As described herein, PICS equipment 20 preferably includes programmable function keys 39 which may be programmed by network users from their individual workstations, and which can be selected by the network user when they physically arrive at PICS equipment 20 for image processing. Image processing tasks can include scanning of new documents by scanner 22 of PICS equipment 20, retrieval of existing document images from various network storage media, recognition-processing of document images so as to create text files, and storage of text files in various network storage media, as well as related tasks such as execution of other information processing programs, such as spreadsheet or report-generating word processing programs, which use the stored text files. Function keys 39 can be programmed to chain some or all of these image processing tasks together, so as to provide a macro-like capability whereby a suite of image processing or related tasks are executed by the touch of a single one of function keys 39.

Preferably, the programmable function keys 39 are divided into two groups, one of the groups being programmable only by network administrator 43 and the other of the groups being programmable by any LAN user. The precise image processing functions performed by any of the keys may be displayed on display 35 as desired.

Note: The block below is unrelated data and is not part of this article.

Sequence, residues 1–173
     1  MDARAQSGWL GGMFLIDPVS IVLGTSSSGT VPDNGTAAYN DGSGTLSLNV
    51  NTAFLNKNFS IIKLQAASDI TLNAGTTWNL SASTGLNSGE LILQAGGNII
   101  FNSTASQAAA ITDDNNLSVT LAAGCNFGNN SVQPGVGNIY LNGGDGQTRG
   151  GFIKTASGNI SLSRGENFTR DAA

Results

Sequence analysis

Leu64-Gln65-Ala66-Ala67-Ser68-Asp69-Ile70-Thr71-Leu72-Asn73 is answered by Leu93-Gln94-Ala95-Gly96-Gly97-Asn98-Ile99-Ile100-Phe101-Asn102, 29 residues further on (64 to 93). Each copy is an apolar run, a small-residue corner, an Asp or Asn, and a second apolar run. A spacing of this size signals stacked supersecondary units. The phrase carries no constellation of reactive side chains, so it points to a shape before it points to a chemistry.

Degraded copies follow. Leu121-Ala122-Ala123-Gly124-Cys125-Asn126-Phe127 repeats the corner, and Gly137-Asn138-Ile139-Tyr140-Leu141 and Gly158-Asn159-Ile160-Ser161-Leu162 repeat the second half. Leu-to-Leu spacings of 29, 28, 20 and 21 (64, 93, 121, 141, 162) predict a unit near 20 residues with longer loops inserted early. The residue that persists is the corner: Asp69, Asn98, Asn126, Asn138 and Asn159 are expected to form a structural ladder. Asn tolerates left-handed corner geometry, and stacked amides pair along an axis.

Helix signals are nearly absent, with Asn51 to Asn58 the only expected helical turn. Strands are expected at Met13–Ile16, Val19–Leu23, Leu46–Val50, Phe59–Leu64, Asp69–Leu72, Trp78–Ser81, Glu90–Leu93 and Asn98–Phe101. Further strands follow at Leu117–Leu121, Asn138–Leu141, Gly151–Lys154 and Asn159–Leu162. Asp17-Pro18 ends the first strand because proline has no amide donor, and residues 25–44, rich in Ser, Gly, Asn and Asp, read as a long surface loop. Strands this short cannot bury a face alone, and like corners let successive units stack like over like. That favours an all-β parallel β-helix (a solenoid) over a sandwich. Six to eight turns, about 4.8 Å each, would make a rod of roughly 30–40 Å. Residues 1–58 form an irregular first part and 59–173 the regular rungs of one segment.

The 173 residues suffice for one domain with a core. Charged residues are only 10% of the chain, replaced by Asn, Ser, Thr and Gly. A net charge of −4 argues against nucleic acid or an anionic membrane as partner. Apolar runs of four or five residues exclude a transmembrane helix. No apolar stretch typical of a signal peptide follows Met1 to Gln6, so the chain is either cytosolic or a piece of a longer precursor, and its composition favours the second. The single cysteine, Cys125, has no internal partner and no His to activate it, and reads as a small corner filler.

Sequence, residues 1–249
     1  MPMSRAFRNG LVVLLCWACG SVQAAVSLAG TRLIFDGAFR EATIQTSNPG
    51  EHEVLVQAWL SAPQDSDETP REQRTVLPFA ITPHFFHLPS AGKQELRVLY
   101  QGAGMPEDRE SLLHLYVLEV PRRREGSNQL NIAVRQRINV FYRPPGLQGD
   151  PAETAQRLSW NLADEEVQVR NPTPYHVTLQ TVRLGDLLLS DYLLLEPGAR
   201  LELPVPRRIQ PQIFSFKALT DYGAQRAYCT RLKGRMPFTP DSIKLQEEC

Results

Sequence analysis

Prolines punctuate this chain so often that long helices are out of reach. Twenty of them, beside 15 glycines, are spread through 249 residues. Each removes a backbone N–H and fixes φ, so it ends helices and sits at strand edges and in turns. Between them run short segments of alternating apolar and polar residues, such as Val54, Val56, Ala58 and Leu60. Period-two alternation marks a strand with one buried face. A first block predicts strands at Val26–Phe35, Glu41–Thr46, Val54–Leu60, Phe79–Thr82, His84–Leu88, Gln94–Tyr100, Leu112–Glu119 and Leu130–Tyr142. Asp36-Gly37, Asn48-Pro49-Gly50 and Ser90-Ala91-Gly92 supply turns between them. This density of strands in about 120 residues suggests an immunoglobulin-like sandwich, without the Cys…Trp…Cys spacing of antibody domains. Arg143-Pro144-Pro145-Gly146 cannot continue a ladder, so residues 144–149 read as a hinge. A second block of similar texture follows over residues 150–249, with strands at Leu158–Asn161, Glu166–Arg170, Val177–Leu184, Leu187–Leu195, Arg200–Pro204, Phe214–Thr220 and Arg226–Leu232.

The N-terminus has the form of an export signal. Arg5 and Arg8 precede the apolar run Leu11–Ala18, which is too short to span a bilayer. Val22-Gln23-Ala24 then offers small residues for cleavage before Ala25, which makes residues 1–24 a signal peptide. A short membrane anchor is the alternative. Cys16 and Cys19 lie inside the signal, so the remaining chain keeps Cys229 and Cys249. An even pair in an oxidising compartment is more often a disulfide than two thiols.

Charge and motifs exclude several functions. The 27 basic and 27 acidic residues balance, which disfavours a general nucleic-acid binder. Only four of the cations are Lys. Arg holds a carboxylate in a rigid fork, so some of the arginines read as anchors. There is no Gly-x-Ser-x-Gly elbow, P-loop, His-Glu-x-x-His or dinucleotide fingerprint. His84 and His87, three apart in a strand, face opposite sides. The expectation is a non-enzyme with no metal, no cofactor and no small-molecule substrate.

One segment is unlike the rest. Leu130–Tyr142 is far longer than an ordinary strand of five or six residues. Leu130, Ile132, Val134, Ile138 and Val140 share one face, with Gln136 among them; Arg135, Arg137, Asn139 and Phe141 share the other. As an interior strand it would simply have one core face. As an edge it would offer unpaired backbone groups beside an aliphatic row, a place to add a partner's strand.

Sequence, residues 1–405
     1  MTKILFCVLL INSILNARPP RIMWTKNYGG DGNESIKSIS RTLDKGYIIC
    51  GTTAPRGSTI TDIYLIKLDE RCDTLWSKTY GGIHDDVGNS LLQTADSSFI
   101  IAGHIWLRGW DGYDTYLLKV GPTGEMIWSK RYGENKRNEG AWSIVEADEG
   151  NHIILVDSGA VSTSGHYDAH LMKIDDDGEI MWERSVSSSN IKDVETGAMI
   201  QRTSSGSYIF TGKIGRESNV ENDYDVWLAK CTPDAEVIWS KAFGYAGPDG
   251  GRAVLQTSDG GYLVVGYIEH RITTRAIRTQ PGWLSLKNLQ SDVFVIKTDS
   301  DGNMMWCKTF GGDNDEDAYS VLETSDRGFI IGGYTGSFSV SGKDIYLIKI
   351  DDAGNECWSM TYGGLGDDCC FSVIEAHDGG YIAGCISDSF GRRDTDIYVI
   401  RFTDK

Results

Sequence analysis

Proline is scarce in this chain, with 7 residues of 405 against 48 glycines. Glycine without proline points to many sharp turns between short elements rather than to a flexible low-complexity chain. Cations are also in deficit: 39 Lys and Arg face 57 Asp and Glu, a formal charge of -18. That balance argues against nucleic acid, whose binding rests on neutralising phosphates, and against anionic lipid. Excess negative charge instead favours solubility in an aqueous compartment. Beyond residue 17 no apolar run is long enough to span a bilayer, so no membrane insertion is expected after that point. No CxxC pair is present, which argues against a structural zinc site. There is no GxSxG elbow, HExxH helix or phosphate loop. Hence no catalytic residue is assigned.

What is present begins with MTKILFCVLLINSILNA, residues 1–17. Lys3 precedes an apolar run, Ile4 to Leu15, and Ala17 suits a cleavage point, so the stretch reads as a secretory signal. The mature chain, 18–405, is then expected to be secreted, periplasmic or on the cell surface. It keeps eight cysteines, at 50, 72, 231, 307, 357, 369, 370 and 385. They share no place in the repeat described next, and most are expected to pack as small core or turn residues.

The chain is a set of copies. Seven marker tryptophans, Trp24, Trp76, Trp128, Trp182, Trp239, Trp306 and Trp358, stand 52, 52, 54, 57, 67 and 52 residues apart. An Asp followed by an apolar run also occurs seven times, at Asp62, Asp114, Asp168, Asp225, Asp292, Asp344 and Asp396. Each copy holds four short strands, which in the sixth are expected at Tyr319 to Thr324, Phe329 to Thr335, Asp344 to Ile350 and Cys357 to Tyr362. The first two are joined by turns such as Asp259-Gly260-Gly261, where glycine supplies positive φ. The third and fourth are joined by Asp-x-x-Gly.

Briefly, FIGS. 6 and 7 are used for explaining a personal imaging computer system which is connectable to a local area network and which performs recognition-processing of document images so as to identify characters in the document images. A plurality of programmable function keys are provided on the personal imaging computer, each of the function keys being manipulable by an operator so as to cause the imaging computer system to perform a pre-programmed image-processing task. The plural programmable function keys are partitioned into at least two groups, wherein the first group is programmable only by a network administrator for the LAN and wherein the second group is programmable by any LAN user. Display means are provided for displaying an image of the plural function keys. In response to operator selection of an image of one of the plural function keys, the display means displays the function performed by that key.

More particularly, as shown in FIG. 6, an image 75 of programmable keys 39 is displayed by display 35. As further shown in FIG. 6, the image is partitioned into two groups; a first group 76 of programmable function keys which are restricted for programming only by network administrator 43, and a second group 77 of programmable function keys which are unrestricted and which are programmable by any LAN user. Preferably, though not shown in FIG. 6, each function key displayed at 75 includes a display of a user identification for the user that has currently programmed the key.